Terror Plot for Railroad System Foiled

Back to Article
Back to Article

Terror Plot for Railroad System Foiled

Bradley Hart, Staff Writer

Hang on for a minute...we're trying to find some more stories you might like.


Email This Story






In the past week there has been a lot of focus on the Boston bombing attacks and the devastating effect that they have had on not just the city but on the whole country.

Besides Boston there was another bombing attempt on Monday, April 23.  This attempt to terrorize Americans targeted the transportation sector, specifically the railroads.

The plan was to bomb a train that was going to cross over the border from Toronto, Canada and was headed towards New York.  Once the bomb went off the train would derail and then cause massive amounts of both damage and death.

Before the plan could be carried out, United States and Canadian authorities were able to stop two suspects.

The bombers appeared to be backed by al Qaeda based upon elements from Iran in their attempt to blow up the passenger train.  Authorities believed that al Qaeda had provided two suspects with direction, guidance and information.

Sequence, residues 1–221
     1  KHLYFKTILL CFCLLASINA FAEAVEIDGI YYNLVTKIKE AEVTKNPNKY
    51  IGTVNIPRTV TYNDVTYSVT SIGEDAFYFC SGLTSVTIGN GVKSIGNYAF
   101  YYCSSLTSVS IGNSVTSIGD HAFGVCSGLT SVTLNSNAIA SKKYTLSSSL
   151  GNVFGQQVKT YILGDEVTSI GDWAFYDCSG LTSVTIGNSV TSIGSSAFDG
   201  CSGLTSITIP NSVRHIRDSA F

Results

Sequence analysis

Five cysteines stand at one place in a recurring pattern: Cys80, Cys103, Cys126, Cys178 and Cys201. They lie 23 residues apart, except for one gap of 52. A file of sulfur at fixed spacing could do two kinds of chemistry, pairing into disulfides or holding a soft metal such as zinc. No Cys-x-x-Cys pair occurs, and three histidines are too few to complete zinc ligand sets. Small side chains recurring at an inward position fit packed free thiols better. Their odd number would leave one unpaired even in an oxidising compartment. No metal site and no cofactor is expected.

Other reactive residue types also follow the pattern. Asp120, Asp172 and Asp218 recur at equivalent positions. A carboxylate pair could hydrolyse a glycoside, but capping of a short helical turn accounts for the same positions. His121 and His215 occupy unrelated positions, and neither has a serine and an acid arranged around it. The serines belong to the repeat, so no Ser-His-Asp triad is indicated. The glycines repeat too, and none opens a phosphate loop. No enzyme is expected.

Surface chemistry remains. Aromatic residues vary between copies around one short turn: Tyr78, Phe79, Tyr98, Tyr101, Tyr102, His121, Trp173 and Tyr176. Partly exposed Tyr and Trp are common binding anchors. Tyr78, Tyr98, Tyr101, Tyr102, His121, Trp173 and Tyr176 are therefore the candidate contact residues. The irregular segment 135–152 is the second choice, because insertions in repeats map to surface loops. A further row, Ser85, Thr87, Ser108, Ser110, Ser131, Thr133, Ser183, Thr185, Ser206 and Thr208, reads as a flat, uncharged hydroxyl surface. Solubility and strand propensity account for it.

The idea of attacking railroads in the United States has long been a possible target for terrorists.

After the raid on Osama bin Laden’s compound in Abbottabad, Pakistan in 2010, documents were recovered that showed that al Qaeda had discussed an idea to derail a train in the United States.  This was not the first time that an attempt to attack the railroad networks in the United States had been stopped by authorities.  There have already been two other occasions in which the attacks have failed.  The targets were the Long Island Railroad in 2008 and the other was against New York subway system in 2009.

Despite these two failed attempts in the United States, there have been several Al Qaeda planned railroad attacks elsewhere in the world.  Some of those attacks have had success.  The deadliest was when several commuter trains in Madrid, Spain were attacked.  In the 2004 attack, 191 people were killed with another 1,700 wounded.

 

Picture from google images

Print Friendly, PDF & Email